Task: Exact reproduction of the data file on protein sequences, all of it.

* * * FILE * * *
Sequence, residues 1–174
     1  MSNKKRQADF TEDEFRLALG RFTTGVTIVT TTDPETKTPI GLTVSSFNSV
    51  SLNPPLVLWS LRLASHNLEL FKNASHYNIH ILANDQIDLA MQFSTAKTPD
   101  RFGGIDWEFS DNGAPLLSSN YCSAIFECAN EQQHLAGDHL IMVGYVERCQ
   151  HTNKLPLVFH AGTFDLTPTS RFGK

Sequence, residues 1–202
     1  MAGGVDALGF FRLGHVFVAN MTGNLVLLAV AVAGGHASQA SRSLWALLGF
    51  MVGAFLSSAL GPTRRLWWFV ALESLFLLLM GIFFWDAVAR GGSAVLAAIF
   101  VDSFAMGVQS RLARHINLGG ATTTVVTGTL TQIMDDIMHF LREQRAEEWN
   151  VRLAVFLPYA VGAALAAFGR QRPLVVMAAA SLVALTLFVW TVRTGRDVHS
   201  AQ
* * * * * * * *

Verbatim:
Sequence, residues 1–174
     1  MSNKKRQADF TEDEFRLALG RFTTGVTIVT TTDPETKTPI GLTVSSFNSV
    51  SLNPPLVLWS LRLASHNLEL FKNASHYNIH ILANDQIDLA MQFSTAKTPD
   101  RFGGIDWEFS DNGAPLLSSN YCSAIFECAN EQQHLAGDHL IMVGYVERCQ
   151  HTNKLPLVFH AGTFDLTPTS RFGK

Sequence, residues 1–202
     1  MAGGVDALGF FRLGHVFVAN MTGNLVLLAV AVAGGHASQA SRSLWALLGF
    51  MVGAFLSSAL GPTRRLWWFV ALESLFLLLM GIFFWDAVAR GGSAVLAAIF
   101  VDSFAMGVQS RLARHINLGG ATTTVVTGTL TQIMDDIMHF LREQRAEEWN
   151  VRLAVFLPYA VGAALAAFGR QRPLVVMAAA SLVALTLFVW TVRTGRDVHS
   201  AQ